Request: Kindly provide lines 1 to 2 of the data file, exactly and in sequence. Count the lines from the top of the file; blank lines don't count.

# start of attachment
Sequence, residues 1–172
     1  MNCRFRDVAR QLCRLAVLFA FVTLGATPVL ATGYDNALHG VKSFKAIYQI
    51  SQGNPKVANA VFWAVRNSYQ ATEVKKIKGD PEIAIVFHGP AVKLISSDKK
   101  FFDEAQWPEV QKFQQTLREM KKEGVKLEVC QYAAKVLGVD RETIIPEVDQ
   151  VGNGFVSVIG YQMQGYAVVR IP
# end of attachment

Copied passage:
Sequence, residues 1–172
     1  MNCRFRDVAR QLCRLAVLFA FVTLGATPVL ATGYDNALHG VKSFKAIYQI